Chinese treat at the Suli House
Who would have known that there was such a beautiful place to hangout and actually enjoy a variety of cuisines right in the heart of Kilifi?
Actually a lot of hotels around offer mostly seafood and these would maybe excite international guests.
But for locals, we truly love to take a break from the fishes. So, I am always hunting for unique places that serve other foods, and that is how Suli House was recommended to me.
Suli is the Swahili name for swordfish, famous for its long flat pointed bill; it’s actually very dangerous when it is harpooned.
As the hotel manager Steve shared, the name has sentimental value and it brings a homely feel.
Well, for someone who lives at the Coast and sampled almost all types of fish, I don’t get too excited about having fish for lunch.
I was hoping and crossing my fingers that fish would have nothing to do with our lunch. But I have to say, serenity!
The place is as green and flowery as paradise, with a large pool for the hot afternoon breaks. It also has cottages and villas.
Chef Iddy Katana is getting ready to prepare our meals and luckily, one of his favourite cuisines to prepare is Chinese.
But we are excited to hear it’s not the big swordfish. He is also happy to have some company in the kitchen as he gets everything ready.
“The dish is not just one of the easiest to prepare in a short time, but also one of the best because it has everything in it; starch, proteins and vegetables,” shared Katana, as he sorted out the ingredients that included carrots, celery, leeks, green pepper, yellow pepper, baby marrow, chicken (main ingredient), noodles, ginger, garlic, onions, olive oil and dark soy sauce for dressing.
“You can use any soy sauce, but I prefer the dark one because it changes the colour of the food so that it’s not too white,” he adds.
Whetting the appetite
The chicken is cut in stripes and this also applies to the greens to maintain some sort of unison—probably with the noodles.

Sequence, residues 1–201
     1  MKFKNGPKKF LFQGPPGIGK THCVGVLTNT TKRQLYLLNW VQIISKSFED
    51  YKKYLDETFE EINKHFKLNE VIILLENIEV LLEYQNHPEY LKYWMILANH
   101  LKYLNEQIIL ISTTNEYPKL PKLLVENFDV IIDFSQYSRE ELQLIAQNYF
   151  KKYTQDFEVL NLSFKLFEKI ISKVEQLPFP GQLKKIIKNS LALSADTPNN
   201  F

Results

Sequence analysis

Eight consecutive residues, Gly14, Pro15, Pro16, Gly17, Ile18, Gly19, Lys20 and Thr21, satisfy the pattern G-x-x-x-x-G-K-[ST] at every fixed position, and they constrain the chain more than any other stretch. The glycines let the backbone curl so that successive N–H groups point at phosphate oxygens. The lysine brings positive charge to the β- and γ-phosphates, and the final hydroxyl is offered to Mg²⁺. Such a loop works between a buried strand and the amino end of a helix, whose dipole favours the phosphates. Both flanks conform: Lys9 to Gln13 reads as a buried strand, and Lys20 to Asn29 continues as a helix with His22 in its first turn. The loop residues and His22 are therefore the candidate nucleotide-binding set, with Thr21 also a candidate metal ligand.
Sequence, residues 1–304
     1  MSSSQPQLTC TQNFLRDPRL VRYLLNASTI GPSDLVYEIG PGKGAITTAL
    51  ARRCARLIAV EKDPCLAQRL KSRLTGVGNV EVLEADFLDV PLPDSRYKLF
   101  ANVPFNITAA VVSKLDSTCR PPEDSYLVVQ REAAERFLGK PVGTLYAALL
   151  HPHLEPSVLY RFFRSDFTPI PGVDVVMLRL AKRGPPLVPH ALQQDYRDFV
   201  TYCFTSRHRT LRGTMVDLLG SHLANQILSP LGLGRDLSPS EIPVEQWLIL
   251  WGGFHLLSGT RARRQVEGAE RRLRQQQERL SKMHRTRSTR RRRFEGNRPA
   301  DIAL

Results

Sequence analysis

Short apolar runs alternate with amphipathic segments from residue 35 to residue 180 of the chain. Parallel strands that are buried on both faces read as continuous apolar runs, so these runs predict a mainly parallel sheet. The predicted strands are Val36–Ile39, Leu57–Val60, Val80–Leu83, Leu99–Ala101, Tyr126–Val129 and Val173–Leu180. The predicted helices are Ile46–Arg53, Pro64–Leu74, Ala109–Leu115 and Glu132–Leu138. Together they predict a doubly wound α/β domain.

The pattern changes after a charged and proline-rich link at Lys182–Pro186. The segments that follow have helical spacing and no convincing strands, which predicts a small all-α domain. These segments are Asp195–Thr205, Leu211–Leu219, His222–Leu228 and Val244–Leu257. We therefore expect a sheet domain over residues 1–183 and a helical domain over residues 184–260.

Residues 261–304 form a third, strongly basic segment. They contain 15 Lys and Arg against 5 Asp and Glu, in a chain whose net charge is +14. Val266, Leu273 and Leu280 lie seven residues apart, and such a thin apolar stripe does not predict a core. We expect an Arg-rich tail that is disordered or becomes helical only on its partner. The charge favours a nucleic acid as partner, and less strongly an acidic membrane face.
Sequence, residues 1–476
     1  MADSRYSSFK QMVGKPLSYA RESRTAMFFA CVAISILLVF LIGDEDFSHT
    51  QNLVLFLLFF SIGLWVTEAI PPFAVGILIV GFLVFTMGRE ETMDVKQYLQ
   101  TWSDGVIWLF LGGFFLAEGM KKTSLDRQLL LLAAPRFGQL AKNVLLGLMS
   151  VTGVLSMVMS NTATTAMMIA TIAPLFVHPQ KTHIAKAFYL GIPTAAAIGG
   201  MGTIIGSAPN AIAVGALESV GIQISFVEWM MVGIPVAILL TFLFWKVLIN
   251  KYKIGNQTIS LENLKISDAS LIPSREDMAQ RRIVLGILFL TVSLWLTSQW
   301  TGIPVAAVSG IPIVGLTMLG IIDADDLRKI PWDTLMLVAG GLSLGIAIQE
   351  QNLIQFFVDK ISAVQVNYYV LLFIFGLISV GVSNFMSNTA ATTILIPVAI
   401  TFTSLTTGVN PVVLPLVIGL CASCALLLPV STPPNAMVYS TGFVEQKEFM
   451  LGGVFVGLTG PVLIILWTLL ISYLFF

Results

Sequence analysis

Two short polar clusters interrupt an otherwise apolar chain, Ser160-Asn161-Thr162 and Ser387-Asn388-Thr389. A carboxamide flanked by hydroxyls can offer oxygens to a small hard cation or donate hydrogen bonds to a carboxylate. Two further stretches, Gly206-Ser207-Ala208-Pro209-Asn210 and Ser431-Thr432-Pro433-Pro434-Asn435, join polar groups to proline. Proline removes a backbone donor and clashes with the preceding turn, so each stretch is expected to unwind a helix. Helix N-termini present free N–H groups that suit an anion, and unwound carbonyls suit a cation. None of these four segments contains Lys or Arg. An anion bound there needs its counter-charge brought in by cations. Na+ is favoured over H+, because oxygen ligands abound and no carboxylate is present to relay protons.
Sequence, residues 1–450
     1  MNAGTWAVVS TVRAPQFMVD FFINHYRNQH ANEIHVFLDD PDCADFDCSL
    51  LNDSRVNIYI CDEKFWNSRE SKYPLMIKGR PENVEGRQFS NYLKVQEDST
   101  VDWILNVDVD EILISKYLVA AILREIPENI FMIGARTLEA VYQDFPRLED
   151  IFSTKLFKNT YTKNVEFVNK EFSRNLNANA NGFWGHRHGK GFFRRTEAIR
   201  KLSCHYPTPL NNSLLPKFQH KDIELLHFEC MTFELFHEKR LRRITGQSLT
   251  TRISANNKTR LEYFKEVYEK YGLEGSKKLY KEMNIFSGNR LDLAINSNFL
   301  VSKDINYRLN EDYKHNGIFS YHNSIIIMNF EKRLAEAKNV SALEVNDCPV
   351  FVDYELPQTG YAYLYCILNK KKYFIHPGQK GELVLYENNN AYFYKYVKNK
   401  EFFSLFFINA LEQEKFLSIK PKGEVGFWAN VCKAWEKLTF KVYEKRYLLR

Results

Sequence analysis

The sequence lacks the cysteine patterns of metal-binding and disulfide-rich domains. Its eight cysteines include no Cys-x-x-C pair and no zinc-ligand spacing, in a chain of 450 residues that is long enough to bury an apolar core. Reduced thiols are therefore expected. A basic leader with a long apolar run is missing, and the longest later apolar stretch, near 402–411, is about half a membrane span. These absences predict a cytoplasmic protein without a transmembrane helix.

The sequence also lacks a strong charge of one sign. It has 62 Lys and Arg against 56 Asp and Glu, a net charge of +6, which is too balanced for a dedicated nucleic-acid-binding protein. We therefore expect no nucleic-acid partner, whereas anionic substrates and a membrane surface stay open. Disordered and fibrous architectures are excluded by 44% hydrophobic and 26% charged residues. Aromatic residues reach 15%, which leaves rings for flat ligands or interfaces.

The olive oil is put in a pan and pre-heated. It has to be very hot so the meat does not stick to the pan.
Then the chicken, ginger, garlic, onions and salt are put in. The mix is fried for two minutes while stirring.
The greens are then added in while still stirring and let to cook for another two minutes.
Then water is heated in a separate pan and where two tablespoons of cooking oil are added.
The noodles are put in the boiling water and let to cook for two to three minutes.
This could be done while simultaneously frying the chicken. Once it’s well cooked, the water is sieved and the noodles are added to the chicken, while adding the soy sauce to get the desired colour.
Some sesame is sprinkled on the mix and the food is ready to be served.
My favourite thing about this meal was specifically the ratio of chicken to noodles, and how fast it cooked.
It was ready to be served in less than 10 minutes. It is also favourable for children, considering the balance in ingredients. Fortunately, there was some pilau available too for the Swahili dish lovers.
Suli House has gained so much love from food enthusiasts. It’s located at Mnarani, right before you cross the Kilifi bridge; about an hour’s drive from Mombasa.